Last updated: February 25, 2013 - 10:25pm
There is really just one word to describe the Big Four’s collective ratings this winter: bad.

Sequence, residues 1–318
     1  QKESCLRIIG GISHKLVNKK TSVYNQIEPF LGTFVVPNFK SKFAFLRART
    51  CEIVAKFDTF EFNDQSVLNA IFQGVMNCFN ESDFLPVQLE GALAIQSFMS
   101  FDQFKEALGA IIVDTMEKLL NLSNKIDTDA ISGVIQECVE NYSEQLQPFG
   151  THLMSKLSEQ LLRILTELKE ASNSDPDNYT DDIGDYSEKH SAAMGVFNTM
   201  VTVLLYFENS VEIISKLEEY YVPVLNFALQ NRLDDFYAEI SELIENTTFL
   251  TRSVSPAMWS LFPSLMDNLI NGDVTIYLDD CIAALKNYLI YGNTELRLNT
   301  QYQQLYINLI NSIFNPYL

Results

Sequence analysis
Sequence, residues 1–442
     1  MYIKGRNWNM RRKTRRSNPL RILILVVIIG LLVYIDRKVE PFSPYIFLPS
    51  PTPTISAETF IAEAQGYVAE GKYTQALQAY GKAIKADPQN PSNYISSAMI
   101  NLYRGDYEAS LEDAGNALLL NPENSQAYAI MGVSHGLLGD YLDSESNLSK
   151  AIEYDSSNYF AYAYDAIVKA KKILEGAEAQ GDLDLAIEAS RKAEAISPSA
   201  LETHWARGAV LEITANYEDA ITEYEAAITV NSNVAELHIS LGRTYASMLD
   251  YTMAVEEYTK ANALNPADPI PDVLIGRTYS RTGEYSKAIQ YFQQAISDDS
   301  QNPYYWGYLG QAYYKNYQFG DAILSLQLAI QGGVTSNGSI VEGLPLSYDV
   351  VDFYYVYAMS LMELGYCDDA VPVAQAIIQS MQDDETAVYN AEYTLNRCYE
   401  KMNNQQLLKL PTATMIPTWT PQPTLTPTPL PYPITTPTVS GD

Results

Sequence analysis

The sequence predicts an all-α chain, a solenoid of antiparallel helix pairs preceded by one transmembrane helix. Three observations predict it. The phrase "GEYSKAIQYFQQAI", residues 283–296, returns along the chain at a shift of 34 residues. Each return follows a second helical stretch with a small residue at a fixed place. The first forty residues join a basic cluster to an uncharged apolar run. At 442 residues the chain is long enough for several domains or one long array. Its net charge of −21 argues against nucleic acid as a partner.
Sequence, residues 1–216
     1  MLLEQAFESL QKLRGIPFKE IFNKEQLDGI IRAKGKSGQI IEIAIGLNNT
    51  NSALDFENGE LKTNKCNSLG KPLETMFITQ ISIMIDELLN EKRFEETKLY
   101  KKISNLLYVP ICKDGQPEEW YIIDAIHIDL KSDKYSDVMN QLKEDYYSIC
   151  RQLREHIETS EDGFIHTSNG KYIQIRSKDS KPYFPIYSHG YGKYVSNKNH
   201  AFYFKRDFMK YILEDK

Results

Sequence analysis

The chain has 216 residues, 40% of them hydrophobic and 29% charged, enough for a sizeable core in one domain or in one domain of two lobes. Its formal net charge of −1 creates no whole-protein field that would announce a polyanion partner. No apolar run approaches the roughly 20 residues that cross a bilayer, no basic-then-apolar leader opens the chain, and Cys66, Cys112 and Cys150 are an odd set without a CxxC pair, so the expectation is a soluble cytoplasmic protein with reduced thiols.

After a so-so fall, new shows are putting up historically low numbers at midseason. Veteran shows are sliding to series lows. And the networks produced one of their worst collective showings in February sweeps history last week, the week ended Feb. 17, with only one network drawing better than a 2.0 rating among adults 18-49. That was Fox, which earned its first weekly win of the sweeps with a 2.1 adults 18-49 rating and 6 share. CBS was second with a 1.9/5, followed by ABC in third with a 1.8/5, Univision fourth with a 1.5/4 and NBC fifth with a 1.3/4. The Big Four networks averaged a 7.1 rating all together for the week. By comparison, last year those four combined for a 9.3 during the same week. These struggles may be more a reflection on the medium itself than anything the networks are doing. DVR viewership continues to climb, meaning that the live-plus-same-day-DVR-playback ratings that the weekly ratings performances are based on are dropping. Cable has put up a stiff challenge to broadcast this winter, with AMC’s “The Walking Dead” drawing stronger numbers among adults 18-49 than any Big Four show. And the era of must-see events on broadcast is largely over. Though a handful of specials such as the Super Bowl, the Grammys and the Oscars are capable of drawing huge audiences, only a few shows can muster more than 20 million viewers a week anymore. There are just too many other media choices vying for viewers’ attention, which means the low ratings aren’t just some one-week or one-month fluke.
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